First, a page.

A large majority (80%) of adults ages 20-40 in the U.S. and U.K. believe that total privacy is basically impossible in today’s digital world, according to a new survey of 2,012 consumers in that age range conducted by Accenture in both countries in March and April of this year. An even higher proportion (87%) said they don’t believe adequate safeguards are in place to protect their private information. Furthermore 70% of respondents don’t believe businesses are transparent about how their personal information being is used.
Meanwhile Web site tracking continues to be a concern with the majority of consumers, but these anxieties may be on the wane: in the 2014 survey 64% said they are concerned about their buying behaviors being tracked online, down from 85% in 2012. A sizeable proportion (40%) estimated that less than 10% of their personal information is actually private.
However all this doesn’t necessarily mean consumers have negative attitudes towards digital tracking technology -- provided they get something in return.
Indeed, 49% of respondents in the same survey said they wouldn’t mind having their buying behaviors tracked if they could get more relevant offers from brands and retailers as a result. And 64% of consumers surveyed said when they are in a store they would welcome text messages from that specific retailer with offers geared to their individual consumption preferences.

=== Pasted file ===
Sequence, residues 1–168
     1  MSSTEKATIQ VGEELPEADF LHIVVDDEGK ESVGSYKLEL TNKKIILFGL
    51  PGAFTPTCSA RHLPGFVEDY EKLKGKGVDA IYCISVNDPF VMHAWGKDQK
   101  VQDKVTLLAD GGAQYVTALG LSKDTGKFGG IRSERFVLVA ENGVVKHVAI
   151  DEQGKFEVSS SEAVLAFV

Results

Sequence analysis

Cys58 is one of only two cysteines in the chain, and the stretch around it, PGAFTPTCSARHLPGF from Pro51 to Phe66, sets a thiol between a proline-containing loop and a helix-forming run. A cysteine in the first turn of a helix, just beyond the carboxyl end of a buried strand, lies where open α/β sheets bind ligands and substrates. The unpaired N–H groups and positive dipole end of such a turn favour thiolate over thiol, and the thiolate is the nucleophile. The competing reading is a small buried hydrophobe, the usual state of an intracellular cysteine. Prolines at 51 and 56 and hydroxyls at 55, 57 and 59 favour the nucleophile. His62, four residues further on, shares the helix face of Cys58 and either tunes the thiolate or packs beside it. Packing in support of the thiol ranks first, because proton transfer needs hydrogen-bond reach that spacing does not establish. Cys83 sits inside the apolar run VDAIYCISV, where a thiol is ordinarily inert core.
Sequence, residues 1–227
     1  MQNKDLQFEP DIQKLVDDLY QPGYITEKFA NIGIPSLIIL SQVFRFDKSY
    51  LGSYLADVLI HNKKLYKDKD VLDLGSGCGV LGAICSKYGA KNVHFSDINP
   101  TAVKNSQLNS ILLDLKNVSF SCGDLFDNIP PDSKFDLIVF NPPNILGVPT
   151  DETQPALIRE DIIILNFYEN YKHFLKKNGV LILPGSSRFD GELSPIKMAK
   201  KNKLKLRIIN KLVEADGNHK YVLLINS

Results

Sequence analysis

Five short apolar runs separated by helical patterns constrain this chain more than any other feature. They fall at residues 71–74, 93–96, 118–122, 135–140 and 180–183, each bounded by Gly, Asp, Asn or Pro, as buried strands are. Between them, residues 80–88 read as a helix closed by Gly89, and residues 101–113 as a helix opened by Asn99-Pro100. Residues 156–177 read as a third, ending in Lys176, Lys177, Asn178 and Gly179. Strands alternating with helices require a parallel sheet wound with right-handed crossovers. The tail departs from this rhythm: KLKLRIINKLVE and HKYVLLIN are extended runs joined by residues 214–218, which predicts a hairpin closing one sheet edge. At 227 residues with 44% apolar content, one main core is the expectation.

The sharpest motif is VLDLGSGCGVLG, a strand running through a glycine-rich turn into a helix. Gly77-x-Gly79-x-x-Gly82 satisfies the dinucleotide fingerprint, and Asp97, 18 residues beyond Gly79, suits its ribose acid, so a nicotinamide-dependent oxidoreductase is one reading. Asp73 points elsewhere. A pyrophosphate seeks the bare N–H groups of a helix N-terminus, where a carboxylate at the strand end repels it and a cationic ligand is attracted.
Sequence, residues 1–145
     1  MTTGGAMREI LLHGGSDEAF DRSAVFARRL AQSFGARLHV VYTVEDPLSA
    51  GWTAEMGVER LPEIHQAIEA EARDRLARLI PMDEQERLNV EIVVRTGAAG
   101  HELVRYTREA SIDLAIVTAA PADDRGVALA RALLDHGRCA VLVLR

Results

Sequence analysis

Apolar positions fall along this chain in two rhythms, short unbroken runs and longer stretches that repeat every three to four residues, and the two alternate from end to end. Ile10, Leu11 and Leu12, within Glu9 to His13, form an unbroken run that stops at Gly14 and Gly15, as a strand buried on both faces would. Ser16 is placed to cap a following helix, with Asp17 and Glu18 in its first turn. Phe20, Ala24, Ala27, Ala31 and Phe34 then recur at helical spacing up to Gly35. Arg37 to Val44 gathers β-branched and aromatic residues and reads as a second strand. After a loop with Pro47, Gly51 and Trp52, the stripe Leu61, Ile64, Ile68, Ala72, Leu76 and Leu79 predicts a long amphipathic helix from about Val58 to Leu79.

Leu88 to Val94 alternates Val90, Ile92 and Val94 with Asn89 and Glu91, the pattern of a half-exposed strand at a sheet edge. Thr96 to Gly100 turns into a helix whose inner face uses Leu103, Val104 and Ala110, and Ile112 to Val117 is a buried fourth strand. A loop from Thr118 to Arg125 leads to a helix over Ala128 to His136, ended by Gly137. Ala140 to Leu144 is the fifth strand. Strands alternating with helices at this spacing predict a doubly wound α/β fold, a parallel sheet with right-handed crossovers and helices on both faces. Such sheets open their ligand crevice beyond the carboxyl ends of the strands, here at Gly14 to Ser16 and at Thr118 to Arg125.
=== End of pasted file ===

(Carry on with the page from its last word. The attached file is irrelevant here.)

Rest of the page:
In terms of devices, the survey found that U.S. and U.K. adults ages 20-40 are fully as connected as you’d expect, owning an average of three to four digital devices, with 27% own more than four devices. Respondents said they spent an average of around six hours a day using a digital device for personal activities, including texting (48%), emailing (39%), checking the news (27%), and shopping online (20%).
Respondents also had clear preferences in terms of how they receive communications from companies: 93% said they preferred email, followed by social media at 47% and texting at 44%. A mere 25% said they are comfortable receiving phone calls.